Shavuot (Festival of Weeks or Pentecost) 6th–7th of Sivan
The Israelites were to present an offering of new grain in the Temple exactly seven weeks and one day after Yom HaBikkurim (The Feast of Firstfruits). The Hebrew word Shavuot means weeks, just as the Greek word Pentecost means fifty. This concludes the fifty-day Counting of the Omer, the period from the harvesting of barley to the harvesting of wheat (the “first fruits” of the wheat harvest), the last of the grain to ripen, on Shavuot. It was probably the most difficult of the pilgrim festivals as it fell in the middle of the growing season.
Shavuot commemorates the divine gift of Torah received at Mount Sinai by Moses. So it can be said that this is the “birthday of the Torah“!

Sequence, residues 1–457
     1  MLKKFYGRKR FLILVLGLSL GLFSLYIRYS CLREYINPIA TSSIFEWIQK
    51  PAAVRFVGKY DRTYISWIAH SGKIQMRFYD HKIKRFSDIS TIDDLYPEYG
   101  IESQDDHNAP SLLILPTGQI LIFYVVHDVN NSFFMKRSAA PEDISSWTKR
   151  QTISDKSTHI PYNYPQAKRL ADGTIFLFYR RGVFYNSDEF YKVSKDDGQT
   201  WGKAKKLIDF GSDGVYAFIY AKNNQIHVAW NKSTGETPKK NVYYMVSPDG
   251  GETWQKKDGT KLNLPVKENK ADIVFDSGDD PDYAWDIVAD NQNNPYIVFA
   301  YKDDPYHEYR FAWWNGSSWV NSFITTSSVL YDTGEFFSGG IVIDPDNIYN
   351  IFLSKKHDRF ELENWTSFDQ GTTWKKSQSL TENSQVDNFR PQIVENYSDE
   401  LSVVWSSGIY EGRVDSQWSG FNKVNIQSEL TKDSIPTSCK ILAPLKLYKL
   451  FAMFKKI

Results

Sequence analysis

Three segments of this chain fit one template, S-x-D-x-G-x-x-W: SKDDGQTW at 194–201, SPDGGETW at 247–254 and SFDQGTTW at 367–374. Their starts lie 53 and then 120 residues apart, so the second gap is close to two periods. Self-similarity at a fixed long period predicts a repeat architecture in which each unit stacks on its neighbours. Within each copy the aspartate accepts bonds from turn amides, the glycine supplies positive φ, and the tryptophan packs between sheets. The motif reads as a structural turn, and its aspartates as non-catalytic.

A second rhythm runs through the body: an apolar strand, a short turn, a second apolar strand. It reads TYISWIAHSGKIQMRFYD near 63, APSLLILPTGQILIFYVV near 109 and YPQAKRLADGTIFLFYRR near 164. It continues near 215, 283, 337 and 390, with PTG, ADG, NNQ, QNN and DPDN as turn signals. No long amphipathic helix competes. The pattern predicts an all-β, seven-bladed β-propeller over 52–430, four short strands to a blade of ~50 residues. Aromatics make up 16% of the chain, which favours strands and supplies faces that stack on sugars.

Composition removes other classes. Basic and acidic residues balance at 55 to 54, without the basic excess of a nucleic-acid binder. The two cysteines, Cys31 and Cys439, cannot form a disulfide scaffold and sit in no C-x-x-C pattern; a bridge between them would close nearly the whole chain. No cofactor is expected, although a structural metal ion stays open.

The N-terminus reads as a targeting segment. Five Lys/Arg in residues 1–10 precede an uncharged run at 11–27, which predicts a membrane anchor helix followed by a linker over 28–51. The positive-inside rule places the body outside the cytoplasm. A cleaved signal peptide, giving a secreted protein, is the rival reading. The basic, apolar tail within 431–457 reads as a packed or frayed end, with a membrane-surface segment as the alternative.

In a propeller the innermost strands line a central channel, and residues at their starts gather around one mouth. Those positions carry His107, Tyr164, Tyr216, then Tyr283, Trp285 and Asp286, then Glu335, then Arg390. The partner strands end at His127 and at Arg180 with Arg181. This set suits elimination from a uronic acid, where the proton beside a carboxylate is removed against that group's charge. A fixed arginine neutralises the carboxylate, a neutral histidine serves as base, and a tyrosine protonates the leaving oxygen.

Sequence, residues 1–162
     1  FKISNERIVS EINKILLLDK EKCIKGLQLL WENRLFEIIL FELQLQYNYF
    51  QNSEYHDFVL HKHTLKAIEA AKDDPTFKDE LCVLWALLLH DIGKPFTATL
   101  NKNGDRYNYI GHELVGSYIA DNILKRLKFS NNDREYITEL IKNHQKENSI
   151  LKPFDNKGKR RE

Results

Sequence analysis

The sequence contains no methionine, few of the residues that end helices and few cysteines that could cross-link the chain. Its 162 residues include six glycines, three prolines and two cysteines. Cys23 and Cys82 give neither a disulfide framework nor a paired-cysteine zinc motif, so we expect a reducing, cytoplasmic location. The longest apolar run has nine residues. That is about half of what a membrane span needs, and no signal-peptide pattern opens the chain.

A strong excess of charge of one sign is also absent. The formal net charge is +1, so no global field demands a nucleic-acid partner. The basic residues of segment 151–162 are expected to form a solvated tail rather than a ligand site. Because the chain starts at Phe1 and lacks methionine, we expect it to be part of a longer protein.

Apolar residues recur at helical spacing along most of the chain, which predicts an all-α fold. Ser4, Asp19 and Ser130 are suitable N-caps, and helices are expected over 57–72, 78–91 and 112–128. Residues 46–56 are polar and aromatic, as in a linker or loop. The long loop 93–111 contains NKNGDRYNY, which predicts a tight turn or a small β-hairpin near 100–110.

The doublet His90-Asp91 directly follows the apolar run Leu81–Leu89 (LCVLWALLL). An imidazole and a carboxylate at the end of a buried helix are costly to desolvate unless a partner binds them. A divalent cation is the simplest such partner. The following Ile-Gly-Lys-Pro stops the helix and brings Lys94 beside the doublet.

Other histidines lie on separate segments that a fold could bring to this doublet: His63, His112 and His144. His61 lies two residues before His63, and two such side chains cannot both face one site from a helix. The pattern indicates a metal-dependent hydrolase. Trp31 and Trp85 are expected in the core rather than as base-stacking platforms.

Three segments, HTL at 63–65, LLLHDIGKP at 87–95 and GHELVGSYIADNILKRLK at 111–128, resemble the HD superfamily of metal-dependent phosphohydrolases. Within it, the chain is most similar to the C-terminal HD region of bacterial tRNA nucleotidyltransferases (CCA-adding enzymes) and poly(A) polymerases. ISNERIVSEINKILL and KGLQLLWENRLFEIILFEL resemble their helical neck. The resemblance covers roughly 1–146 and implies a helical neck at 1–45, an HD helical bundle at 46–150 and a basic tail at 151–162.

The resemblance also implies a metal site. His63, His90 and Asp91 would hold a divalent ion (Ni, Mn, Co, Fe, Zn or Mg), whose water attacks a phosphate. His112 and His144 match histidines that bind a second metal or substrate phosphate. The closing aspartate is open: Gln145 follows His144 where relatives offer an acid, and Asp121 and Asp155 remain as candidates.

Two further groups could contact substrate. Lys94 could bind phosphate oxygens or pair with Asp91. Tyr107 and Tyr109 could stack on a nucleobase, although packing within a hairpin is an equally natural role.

A very well known event took place on this date as well in the New Testament. The Spirit of G-d fell upon the first followers of Yeshua with them speaking in tongues of fire and other languages. This event more than likely established the Church, the Body of Messiah.
The holiday is celebrated with the reading of the account of the reception of the Torah (Exodus 19-20), the Book of Ruth (a book about harvest and redemption), and ending with the genealogy of King David who, according to tradition, was born and died on Shavuot.
Sadly, no major festival suffers greater neglect than Shavuot. This was a day that freedom from slavery was recast into fidelity to law and literacy. The Torah was born! The spirit of G-d fell upon Yeshua’s first followers! Yet it flies under the radar of most synagogues and churches alike.